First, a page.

016 – The Chase
Doctor Who serial
Having chased the Doctor through time and space, the Daleks are forced to battle the Mechonoids in their city on Mechanus.
Cast
Others
Production
Directed byRichard Martin
Douglas Camfield (episode 6, uncredited)
Written byTerry Nation
Script editorDennis Spooner
Produced byVerity Lambert
Executive producer(s)None
Incidental music composerDudley Simpson
Production codeR
SeriesSeason 2
Running time6 episodes, 25 minutes each
First broadcast22 May 1965 (1965-05-22)
Last broadcast26 June 1965 (1965-06-26)
Chronology
← Preceded by
The Space Museum
Followed by →
The Time Meddler
List of Doctor Who episodes (1963–1989)

The Chase is the eighth serial of the second season in the British science fiction television series Doctor Who, which was first broadcast in six weekly parts from 22 May to 26 June 1965.

Set on multiple planets, including Aridius, Earth, and Mechanus, in multiple time periods, the serial features the Dalek race travelling through time while pursuing the time machine the TARDIS and its occupants the First Doctor (William Hartnell), Ian Chesterton (William Russell), Barbara Wright (Jacqueline Hill), and Vicki (Maureen O'Brien) so that the Daleks can take the TARDIS for themselves.

The serial marks the last appearance of Russell and Hill as companions Ian and Barbara. Episode 3 marks the first appearance in the show of Peter Purves as a tourist from Alabama visiting the Empire State Building. He returns later in the story as Steven Taylor.

Plot

While companions Ian and Vicki explore the Sagarro Desert on the planet Aridius, in the TARDIS, the First Doctor and Barbara see on the Time-Space Visualiser (acquired from the Space Museum and which displays any event in the whole of past time and space) the Daleks embarking on a plan to follow the TARDIS to Aridius to exterminate the Doctor and his companions and seize his time ship.

Realising that these events happened in the past and that the Daleks may already be here, they venture out to warn Ian and Vicki, only to see Daleks emerging from the sands after a dust storm. The Doctor and Barbara are saved by native Aridians who reunite them with a Vicki and Ian who were injured after an encounter with Mire Beasts. The Beasts attack again, and in the confusion The Doctor and his friends flee to the TARDIS, evading Daleks who had discovered it buried in the sand.

The Daleks then pursue the TARDIS through time and space, 15 minutes behind in their own vessel. The first stop on the chase is the top of the Empire State Building in New York City in 1966. Next, they are mistaken for stowaways on the Mary Celeste until the Daleks arrive and the frightened crew abandon ship. Subsequently landing in a mysterious old house, they encounter Dracula and Frankenstein's monster, who attack the pursuing Daleks. In the confusion, the Doctor, Ian and Barbara leave Vicki behind, unaware the monsters were actually robots in a futuristic theme park attraction.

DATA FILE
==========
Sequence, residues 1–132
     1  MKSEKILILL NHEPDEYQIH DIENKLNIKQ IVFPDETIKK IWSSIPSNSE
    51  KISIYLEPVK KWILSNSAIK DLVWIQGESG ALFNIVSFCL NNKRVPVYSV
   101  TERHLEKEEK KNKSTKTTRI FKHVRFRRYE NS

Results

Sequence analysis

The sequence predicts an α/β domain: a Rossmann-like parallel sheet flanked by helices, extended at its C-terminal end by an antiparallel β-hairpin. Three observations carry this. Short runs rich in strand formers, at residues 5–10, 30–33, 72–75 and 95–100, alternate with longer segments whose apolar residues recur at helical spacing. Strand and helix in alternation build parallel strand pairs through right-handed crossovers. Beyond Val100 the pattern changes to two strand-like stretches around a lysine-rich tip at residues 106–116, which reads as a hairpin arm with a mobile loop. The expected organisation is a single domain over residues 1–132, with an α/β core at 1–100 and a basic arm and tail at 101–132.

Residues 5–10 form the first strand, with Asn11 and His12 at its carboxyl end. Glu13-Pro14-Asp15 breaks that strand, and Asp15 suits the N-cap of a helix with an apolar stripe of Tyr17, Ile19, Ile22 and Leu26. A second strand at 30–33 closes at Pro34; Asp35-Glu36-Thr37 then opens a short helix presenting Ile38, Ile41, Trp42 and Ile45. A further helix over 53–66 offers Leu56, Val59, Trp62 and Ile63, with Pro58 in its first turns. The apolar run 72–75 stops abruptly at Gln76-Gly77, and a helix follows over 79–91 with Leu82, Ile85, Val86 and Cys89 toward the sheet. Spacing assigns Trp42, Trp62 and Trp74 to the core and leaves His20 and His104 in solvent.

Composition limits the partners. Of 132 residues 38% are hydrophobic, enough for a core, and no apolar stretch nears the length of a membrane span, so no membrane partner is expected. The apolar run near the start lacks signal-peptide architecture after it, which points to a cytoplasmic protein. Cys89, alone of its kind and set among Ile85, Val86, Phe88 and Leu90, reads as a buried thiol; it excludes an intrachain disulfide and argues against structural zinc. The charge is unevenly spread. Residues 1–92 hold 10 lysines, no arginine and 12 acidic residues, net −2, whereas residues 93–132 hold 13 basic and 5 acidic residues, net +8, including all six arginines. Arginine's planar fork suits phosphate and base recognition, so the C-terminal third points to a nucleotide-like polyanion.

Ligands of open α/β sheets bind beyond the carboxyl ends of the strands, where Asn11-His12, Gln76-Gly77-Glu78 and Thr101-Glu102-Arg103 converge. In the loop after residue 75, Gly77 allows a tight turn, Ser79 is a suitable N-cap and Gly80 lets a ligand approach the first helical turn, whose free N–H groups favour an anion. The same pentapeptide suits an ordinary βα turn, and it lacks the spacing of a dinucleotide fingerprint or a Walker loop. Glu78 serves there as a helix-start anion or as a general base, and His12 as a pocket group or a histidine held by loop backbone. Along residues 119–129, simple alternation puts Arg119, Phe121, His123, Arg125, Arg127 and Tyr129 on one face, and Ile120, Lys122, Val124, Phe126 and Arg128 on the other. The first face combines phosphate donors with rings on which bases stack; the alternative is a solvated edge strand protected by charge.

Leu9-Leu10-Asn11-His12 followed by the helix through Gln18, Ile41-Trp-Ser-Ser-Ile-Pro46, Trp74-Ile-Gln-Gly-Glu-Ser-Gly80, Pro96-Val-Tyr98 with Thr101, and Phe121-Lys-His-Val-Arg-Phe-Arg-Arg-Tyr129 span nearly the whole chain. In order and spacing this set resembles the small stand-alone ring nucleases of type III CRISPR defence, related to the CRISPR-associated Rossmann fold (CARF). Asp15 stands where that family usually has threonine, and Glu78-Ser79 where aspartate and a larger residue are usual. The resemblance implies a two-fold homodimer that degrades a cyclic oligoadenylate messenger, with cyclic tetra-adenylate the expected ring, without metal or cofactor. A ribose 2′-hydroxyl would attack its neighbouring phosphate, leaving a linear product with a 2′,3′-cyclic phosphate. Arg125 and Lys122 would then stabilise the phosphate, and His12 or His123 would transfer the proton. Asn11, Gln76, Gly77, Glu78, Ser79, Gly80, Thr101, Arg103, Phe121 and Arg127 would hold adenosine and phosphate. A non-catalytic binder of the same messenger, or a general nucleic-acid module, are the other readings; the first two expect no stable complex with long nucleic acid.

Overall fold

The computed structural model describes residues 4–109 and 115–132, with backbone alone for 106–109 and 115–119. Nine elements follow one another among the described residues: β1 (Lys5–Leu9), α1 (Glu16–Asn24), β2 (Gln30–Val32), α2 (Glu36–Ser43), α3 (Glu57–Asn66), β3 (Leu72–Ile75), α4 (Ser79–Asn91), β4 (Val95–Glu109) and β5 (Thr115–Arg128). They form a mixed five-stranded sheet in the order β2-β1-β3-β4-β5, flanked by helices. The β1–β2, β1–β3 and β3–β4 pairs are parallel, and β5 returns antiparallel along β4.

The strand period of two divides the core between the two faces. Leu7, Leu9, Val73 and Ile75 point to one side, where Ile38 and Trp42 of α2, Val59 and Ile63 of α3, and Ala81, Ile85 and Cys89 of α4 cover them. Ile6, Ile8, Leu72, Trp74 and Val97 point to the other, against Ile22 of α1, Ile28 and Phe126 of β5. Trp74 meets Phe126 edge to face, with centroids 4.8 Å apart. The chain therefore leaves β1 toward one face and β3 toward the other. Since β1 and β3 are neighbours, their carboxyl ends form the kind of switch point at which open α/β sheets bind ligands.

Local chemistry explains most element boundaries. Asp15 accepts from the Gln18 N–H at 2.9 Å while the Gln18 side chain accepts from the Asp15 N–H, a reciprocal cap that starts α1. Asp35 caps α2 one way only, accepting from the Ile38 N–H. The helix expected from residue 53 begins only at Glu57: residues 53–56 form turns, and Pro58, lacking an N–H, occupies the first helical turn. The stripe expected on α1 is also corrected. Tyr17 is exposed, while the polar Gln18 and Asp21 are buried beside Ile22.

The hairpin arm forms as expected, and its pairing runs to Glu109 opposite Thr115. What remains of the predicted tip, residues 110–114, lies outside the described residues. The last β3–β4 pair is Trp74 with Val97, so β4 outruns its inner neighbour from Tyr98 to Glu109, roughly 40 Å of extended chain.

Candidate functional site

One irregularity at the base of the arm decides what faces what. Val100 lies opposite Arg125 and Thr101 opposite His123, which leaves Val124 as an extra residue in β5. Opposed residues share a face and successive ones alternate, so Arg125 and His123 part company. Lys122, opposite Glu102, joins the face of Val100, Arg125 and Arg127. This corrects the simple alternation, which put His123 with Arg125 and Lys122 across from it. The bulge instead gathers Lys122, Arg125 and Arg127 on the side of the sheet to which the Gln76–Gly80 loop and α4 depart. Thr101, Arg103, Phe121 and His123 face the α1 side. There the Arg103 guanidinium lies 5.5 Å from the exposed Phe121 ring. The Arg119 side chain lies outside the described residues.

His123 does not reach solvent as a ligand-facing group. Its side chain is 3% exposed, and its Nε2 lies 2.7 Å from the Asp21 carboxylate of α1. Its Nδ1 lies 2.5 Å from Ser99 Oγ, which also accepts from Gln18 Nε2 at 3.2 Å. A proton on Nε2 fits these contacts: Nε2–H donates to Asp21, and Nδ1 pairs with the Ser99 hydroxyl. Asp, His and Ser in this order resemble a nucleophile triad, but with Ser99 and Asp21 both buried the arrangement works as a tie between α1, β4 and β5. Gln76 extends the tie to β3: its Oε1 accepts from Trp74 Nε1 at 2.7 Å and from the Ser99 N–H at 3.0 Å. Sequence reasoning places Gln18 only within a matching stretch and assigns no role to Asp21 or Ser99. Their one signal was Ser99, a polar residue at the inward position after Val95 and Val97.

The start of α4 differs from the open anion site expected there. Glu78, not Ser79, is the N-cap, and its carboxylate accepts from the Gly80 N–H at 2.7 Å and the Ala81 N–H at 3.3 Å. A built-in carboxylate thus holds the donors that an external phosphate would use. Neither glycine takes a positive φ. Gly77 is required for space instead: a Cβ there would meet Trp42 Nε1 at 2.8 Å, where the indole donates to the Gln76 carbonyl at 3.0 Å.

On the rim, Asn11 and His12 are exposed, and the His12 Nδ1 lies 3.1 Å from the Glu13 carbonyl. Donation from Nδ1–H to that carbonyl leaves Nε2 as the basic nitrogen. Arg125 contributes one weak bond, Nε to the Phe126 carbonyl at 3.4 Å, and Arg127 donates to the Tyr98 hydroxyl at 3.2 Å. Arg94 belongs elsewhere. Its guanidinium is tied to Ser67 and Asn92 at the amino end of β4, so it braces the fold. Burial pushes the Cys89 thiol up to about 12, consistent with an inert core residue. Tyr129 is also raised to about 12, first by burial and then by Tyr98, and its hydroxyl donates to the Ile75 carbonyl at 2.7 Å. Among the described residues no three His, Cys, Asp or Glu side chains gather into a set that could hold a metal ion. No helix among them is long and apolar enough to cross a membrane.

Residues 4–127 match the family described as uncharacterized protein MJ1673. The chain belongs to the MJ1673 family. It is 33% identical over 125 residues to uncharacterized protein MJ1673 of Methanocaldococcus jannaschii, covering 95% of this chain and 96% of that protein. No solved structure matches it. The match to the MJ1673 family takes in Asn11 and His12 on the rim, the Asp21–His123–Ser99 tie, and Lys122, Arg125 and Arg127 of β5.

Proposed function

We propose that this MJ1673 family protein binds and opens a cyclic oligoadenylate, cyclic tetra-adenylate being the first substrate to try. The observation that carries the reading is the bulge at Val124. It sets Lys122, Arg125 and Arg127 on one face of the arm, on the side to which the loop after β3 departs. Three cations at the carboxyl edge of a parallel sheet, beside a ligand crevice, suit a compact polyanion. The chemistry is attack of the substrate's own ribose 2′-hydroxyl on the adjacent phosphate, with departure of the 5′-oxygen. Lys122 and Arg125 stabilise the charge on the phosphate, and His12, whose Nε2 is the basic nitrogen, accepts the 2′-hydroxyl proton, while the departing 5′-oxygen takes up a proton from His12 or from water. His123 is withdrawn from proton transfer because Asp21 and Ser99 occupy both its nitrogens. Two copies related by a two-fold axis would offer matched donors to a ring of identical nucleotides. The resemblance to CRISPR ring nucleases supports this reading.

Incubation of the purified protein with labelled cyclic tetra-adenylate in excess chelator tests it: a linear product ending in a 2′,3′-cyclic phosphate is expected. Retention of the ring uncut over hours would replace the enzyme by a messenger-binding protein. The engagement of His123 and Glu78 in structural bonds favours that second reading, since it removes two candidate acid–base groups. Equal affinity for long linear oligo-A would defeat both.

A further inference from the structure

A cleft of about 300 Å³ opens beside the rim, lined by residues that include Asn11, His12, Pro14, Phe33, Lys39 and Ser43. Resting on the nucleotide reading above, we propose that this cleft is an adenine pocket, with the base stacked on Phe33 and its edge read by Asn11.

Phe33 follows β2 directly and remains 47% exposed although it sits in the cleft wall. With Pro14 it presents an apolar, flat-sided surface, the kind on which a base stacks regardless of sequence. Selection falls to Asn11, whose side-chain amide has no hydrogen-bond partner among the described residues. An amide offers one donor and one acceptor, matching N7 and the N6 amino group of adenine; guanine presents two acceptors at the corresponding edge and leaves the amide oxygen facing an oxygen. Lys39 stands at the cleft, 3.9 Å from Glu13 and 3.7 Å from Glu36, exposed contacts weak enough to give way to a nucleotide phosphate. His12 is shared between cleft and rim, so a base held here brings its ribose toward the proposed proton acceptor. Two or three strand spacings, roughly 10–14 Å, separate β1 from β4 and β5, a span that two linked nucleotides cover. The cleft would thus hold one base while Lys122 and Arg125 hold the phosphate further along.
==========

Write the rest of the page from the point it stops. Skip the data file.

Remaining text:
Vicki stows away aboard the Dalek ship and witnesses them create an android replica of the Doctor, programmed to kill the TARDIS crew, which is dispatched on arrival on the hostile jungle world of Mechanus. She reunites with her companions, but a fight ensues between Ian and the real Doctor once the robot duplicate appears, claiming to be the original. When the robot Doctor mistakenly refers to Vicki as his grand-daughter "Susan", Barbara realises and real Doctor disables his doppelganger.

Venturing into a metal city above the jungle, Mechonoids imprison them with ship-wrecked human astronaut Steven Taylor. Under the cover of a Daleks attack on the city, the Doctor, his companions and Steven escape and, finding the Dalek time machine and considering it more reliable than the TARDIS, Ian and Barbara persuade the Doctor to show them how to operate it to return to London in their own time, where they set it to auto-destruct.

Continuity

When Ian asks to use Barbara's cardigan in Episode 2, she sighs and says, "not again". The companions had unravelled another of her cardigans in The Space Museum.[1]

Production

Terry Nation's original title for this story was The Pursuers.[2] There were several changes made from his original proposal in the finished serial. In the original storyline, the TARDIS crew would witness on the visualiser Shakespeare discussing with his wife the possibility of allowing Francis Bacon to use his name on Bacon's plays, as well as a speech by Winston Churchill; Ian and Vicki would see through the sands the vast underground Aridian city; and Ian and Barbara would not return home to Earth at the end of the serial.[3]